The mechanics of non-change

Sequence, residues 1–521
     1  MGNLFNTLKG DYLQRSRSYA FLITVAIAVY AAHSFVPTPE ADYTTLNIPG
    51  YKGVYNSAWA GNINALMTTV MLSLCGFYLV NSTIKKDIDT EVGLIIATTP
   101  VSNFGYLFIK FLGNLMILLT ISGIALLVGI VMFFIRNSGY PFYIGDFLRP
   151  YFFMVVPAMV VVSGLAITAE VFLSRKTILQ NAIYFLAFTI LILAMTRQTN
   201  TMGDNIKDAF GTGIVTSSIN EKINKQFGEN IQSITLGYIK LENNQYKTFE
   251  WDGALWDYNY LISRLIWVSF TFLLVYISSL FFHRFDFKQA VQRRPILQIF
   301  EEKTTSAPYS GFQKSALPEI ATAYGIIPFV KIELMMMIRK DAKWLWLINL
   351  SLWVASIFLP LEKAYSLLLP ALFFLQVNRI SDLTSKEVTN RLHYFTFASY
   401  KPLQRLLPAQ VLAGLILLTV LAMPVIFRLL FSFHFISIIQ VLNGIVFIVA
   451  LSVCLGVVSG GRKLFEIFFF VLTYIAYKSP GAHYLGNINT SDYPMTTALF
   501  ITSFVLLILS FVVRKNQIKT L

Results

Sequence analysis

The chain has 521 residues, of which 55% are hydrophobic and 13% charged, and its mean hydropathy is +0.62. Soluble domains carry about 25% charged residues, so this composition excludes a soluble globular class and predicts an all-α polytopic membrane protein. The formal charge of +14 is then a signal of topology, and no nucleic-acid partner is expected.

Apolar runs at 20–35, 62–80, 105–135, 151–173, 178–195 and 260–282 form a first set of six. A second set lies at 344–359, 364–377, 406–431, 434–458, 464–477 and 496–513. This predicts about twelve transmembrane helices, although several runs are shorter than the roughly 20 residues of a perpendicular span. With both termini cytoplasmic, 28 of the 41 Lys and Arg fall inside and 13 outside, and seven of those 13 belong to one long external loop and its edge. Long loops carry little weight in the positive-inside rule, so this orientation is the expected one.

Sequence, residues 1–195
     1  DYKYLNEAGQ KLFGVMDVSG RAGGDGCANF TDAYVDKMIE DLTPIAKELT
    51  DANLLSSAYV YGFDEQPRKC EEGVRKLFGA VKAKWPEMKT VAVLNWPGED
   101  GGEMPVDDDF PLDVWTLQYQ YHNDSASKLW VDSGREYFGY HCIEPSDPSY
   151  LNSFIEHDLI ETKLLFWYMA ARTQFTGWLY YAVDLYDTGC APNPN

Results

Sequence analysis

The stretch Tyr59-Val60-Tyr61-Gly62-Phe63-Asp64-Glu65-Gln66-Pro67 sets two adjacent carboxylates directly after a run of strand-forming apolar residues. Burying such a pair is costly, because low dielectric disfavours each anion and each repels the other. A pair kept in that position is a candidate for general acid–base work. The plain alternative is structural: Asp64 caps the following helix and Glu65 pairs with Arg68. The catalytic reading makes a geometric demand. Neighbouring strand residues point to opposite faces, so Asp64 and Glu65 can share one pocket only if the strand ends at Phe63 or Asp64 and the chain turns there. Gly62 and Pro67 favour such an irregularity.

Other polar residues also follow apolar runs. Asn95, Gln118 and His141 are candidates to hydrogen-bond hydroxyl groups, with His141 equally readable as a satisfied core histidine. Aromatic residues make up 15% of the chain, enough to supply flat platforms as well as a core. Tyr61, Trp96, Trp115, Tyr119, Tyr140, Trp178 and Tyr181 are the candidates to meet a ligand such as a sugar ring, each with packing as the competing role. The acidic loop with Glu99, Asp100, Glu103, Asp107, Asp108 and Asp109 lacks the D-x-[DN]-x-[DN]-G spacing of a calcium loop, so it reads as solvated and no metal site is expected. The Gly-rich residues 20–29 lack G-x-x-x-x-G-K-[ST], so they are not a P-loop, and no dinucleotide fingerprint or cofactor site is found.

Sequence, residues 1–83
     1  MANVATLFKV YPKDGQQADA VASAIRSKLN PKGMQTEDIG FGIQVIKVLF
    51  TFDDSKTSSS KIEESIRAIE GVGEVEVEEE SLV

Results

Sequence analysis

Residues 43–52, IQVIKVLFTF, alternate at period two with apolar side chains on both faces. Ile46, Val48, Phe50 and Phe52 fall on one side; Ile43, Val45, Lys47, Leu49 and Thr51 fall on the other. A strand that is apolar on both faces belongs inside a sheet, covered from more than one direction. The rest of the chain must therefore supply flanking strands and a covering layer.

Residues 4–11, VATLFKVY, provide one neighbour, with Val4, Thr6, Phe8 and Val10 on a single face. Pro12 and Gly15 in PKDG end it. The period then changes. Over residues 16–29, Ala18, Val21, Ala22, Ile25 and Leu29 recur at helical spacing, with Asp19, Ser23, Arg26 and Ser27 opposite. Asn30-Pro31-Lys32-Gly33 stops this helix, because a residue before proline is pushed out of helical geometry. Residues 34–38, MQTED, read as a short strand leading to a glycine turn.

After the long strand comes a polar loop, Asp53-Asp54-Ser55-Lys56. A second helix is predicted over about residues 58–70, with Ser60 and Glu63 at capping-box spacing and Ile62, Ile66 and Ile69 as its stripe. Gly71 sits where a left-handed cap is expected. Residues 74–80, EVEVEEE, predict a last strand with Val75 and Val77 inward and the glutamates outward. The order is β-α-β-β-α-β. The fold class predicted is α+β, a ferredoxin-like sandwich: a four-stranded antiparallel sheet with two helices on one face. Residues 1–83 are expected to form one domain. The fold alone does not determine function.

There is a story of a senior SUll journalist who in 1986 passed his father every ll10rning on the way to his office at 'Fortress Wapping', Rupert Murdoch's East London dockland centre for his News International publishing empire. The father was a member ofthe National Graphical Association union and stood resolutely on strike duty as his son negotiated his way through police road-blocks, razor fencing and high-speed lorries carrying newspapers frolll the plant. At the beginning of the dispute, the father refused to talk to or even look at his son; after a year, they had patched up their differences. The import ofthe story is in two areas, both of which bear directly on the assessment of class in the United Kingdolll. First, the process of the son's social nl0bility suggests ways in which the class structure tllaintains its stability: by absorption and fluidity. Second, the ability and willingness ofthe father to challenge and protest, yet still keep his focus wide enough to compromise within a COlllmon perspective, indicates why that same structure has not been under sustained, direct attack. The reason seems to be that class conflict has been institutionalized, that is, regulated through a series ofprocedures that take place within a framework regarded by all as legitimate. There is an agreement over the limits ofconflict.